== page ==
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L.A. County supervisors to ban large wind turbines in unincorporated areas  

Credit:  By Sarah Favot | Los Angeles Daily News | 07/14/15 | www.dailynews.com ~~

After hearing pleas from more than a dozen Antelope Valley residents, the Los Angeles County Board of Supervisors took preliminary steps Tuesday to ban utility-scale wind turbines in unincorporated areas of the county.

The supervisors unanimously approved a draft Renewable Energy Ordinance that updated permitting and regulations on small-scale wind and solar projects and utility-scale solar projects.

Supervisor Michael Antonovich, whose district includes the Antelope Valley, proposed the ban on the large wind turbine projects, which would have been permitted to be up to 500 feet high under the proposed ordinance.

Antonovich said he was sympathetic to the residents’ concerns.

“Generating renewable energy is important and Antelope Valley residents have dealt with the negative effects of solar field development including dust generation, noise and thousands of acres of visual blight,” Antonovich said. “However, wind turbines are inappropriate and should be banned.”

The county’s Department of Regional Planning staff had recommended that the large wind farms, be allowed, but regulated. Utility-scale wind turbine projects generate electricity for off-site use and are usually contracted through a power-purchase agreement with a utility.

The county’s Supervising Regional Planner Susan Tae said the prohibition against utility-scale wind turbines would not diminish the region’s ability to produce renewable energy. She said the county has been receiving proposals for large-scale solar projects, not wind turbines.

“The board’s direction in terms of what they see are the types of renewable energy sources Los Angeles County should be producing and that’s solar,” Tae said

More than a dozen Antelope Valley residents said the wind turbines would destroy their vistas, impede aerial fire fighting efforts, create fugitive dust and noise and contribute to health concerns like valley fever.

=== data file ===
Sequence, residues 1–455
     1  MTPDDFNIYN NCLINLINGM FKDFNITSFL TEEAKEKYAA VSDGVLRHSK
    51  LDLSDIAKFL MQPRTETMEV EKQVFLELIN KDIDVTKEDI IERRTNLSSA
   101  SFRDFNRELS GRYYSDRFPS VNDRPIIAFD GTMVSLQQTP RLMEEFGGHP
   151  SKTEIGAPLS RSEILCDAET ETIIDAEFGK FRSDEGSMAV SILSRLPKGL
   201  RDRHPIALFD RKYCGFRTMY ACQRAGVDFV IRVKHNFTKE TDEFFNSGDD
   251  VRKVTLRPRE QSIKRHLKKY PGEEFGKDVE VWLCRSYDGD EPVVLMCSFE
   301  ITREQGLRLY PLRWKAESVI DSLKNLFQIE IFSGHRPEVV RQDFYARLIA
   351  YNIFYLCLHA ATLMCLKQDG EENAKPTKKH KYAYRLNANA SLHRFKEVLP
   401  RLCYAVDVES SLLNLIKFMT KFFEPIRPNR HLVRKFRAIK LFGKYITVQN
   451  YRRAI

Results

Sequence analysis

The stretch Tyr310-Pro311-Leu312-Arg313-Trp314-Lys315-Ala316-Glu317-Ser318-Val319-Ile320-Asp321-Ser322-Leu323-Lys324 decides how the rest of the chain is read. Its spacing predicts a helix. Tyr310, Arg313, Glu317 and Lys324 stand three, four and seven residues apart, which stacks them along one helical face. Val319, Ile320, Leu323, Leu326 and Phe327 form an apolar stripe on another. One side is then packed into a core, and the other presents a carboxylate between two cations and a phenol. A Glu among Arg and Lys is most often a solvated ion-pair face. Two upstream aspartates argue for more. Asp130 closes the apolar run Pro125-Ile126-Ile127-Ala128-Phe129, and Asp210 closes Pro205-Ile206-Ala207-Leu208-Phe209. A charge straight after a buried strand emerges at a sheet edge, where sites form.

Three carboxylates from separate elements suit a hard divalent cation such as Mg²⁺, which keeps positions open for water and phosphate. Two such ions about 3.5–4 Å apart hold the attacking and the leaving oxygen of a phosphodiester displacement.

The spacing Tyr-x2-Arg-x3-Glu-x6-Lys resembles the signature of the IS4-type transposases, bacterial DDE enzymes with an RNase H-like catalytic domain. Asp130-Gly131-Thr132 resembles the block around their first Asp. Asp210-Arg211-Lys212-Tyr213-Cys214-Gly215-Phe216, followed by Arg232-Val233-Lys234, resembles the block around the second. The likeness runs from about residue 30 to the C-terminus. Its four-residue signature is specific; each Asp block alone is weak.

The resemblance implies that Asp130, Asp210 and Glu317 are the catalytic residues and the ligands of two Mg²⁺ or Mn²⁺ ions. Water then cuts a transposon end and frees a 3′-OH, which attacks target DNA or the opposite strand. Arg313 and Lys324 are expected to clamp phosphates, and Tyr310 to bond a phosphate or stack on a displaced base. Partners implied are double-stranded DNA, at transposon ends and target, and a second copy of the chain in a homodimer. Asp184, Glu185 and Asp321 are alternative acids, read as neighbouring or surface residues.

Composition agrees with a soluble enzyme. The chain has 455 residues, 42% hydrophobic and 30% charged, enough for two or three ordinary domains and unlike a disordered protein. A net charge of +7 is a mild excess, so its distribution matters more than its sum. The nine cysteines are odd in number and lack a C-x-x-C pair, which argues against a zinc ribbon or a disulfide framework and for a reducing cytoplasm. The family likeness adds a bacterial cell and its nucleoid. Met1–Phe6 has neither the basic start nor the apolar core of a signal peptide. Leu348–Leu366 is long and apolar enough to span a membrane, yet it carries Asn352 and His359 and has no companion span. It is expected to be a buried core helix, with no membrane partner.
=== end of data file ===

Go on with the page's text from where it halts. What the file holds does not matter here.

At Antonovich’s request the board also directed the Department of Public Health to provide a report on procedures for requiring soil testing for valley fever before utility-scale renewable energy projects are built.

Frank Serafine, who owns Honey Hills Farms, told the board he supported renewable energy and uses solar and wind energy to power his property, but said he was opposed to the utility-scale wind turbines.

“Our entire valley is zoned agricultural,” Serafine said. “Why are we converting this beautiful land that was zoned this way from our forefathers into industrial power plants?”

Marty Foster said he wanted the board to ban all large-scale wind turbines and solar projects that are constructed on the ground.

“There’s plenty of roofs and car ports to put this stuff on and leave the county alone,” he said.

The new regulations incentivize the construction of small-scale projects and projects that are mounted on roofs and other existing structures by streamlining the permitting process and by establishing minimal regulations. The ordinance also standardizes requirements for large-scale solar panel arrays.

Small-scale wind farms, which provide power to the site upon which they are built, are still allowed under the proposed ordinance and may be up to 85 feet tall depending on the size of the property.

State legislation prompted the review of the county’s Renewable Energy Ordinance. During his inaugural address in January, Gov. Jerry Brown called for a statewide plan to increase renewable energy usage to 50 percent by 2030.

Tanya DeRivi, of Southern California Public Power Authority, said the ordinance might deter any new renewable energy projects in the county.

“We are concerned this ordinance would add unduly burdensome requirements, such as under grounding transmission lines, that would likely make many future renewable projects so expensive that very few, if any, prospective buyers would be willing to pay for them,” she said.

Marvin Moon, of Los Angeles Department of Water and Power, also spoke against the provision of the ordinance that would require transmission lines to be placed underground.

The supervisors will review a final ordinance before it is adopted.

Source:  By Sarah Favot | Los Angeles Daily News | 07/14/15 | www.dailynews.com

This article is the work of the source indicated. Any opinions expressed in it are not necessarily those of National Wind Watch.

The copyright of this article resides with the author or publisher indicated. As part of its noncommercial effort to present the environmental, social, scientific, and economic issues of large-scale wind power development to a global audience seeking such information, National Wind Watch endeavors to observe “fair use” as provided for in section 107 of U.S. Copyright Law and similar “fair dealing” provisions of the copyright laws of other nations. Send requests to excerpt, general inquiries, and comments via e-mail.

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